Bowie was recognized as the trickiest player on skates, and the most effective scoring player in the game.
Originally Posted by The Ottawa Citizen
Perhaps one of the greatest players to ever don a pair of skates…. Feared by such greats as Frank McGee, Harvey Pulford, Harry Westwick, Alf and Harry Smith, Billy Gilmour and Arthur Moore of the Ottawa Silver Seven…. Bowie is listed in what is believed to be the first all-star team ever selected in major hockey in 1905.
Originally Posted by The Montreal Gazette
Bowie picked the puck out of a scuffle and gallantly broke clear of the melee.
Originally Posted by The Pittsburgh Press
Russell Bowie is certainly the king-pin of the Vics, and one of the best stickhandlers who ever put skates on.
Originally Posted by The Montreal Gazette – January 26th, 1903
From the Vics’ point of view, there was only one man on the ice. That was Russell Bowie. Speedy, a beautiful stickhandler and a rattling shot, he won the match for the Vics.
Originally Posted by The Montreal Gazette – March 9th, 1903
Russell Bowie played and gave an excellent performance in spite of the many difficulties under which he labored.


Allen and Bowie appeared to do the lion’s share of the attack…. Bowie performed several neat feats but was unfortunate and again he was well watched.


The Victorias indulged in several rattling combinations that were good to look at. Bert Strachan, Bowie, and Allen were responsible for most of this style of work and it was done in good order too…


Play had hardly started when Fairbanks handed out a stiff cross-check and went off; Bowie dropping back to cover.
Originally Posted by The Montreal Gazette – February 15th, 1905
Of the 4 forwards mentions (on the 1905 All-Star Team), Bowie is perhaps the slowest skater. But Bowie does not win games with his skates. His head and hands have brought him the reputation he holds as the most effective scoring player in the game.


Bowie, in the minds of the rooted who have followed the game for year, is the trickiest hockey player that ever stepped on the ice.
Originally Posted by The Montreal Gazette – December 27th, 1906
Russell Bowie, captain of the Victorias…
Originally Posted by The Ottawa Citizen – February 4th, 1907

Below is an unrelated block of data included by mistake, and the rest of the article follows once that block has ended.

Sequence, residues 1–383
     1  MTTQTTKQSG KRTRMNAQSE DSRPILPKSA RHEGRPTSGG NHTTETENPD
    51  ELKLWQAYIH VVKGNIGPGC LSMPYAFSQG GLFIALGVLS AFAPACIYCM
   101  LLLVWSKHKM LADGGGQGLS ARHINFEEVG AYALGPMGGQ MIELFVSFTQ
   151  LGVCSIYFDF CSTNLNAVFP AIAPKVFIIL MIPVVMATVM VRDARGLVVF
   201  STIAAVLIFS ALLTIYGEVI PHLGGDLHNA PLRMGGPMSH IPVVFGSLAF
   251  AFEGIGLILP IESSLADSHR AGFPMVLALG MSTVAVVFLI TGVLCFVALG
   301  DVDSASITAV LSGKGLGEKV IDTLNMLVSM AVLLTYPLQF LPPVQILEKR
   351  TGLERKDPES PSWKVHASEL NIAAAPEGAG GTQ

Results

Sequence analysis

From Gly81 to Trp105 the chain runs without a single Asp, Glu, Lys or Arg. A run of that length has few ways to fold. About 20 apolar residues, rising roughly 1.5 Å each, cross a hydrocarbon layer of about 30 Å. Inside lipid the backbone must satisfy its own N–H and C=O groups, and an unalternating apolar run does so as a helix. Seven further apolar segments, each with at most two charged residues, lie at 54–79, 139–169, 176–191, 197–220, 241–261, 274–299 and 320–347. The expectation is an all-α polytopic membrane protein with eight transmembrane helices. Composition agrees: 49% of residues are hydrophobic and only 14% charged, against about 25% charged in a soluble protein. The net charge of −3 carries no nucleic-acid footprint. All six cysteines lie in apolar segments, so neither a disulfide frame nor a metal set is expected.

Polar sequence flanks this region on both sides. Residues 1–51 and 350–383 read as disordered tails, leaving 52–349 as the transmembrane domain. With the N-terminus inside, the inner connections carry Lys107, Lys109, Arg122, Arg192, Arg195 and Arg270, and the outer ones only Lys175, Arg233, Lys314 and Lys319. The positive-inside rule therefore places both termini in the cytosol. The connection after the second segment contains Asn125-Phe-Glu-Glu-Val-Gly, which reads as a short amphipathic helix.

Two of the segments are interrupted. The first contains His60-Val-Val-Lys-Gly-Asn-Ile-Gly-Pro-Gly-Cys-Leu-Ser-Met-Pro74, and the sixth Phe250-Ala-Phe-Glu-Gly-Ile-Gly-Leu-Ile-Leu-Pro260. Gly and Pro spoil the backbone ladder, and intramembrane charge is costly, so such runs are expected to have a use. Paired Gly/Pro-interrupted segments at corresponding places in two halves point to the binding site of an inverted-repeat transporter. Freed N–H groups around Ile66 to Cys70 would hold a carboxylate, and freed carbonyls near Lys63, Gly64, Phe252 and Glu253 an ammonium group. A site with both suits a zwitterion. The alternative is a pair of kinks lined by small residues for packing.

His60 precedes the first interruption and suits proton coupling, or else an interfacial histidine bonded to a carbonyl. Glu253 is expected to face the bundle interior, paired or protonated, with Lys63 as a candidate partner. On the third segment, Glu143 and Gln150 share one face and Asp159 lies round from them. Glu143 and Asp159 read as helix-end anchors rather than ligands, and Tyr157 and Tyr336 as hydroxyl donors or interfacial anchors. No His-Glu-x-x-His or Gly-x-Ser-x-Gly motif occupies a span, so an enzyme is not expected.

… Russell Bowie, the stellar rover of the Victorias...
Originally Posted by The Montreal Gazette – January 6th, 1908
The close checking from both sides was one of the features of the game… Bowie is always a closely watched player, but he was given more than the average amount of attention Saturday night. Every time the Irishmen’s goals were threatened there were cries from all parts of the rink to “watch Bowie”. But the Vics star was in great form in the first half, beating out ________ for three of the Vics goals and giving the Shamrock goaler close calls on half a dozen other occasions. He was right in the nets at every opportunity, ready for one of those lightning shots that would follow a pass from the side. Besides this, in the first half, he did more than his share of carrying the disc through the Shamrock defense… The checking was very close and a good deal of it was foul work. The Shamrocks used their sticks pretty freely early in the game, and the officials let things go a while without penalties.
Originally Posted by The Montreal Gazette - January 14th, 1908
…Bowie dashing in on the net, banged in a rebound… Bowie, coming through like a flash, picked it out, and, swinging around to the front of the nets, placed his team in the lead for the final time.


Nothing could keep Bowie away from the nets, and his eyes and wrists are apparently as quick as ever. He tired under the close attention he was receiving, however, but even then, when he looked all in, he would break away with a fine show of reserve strength.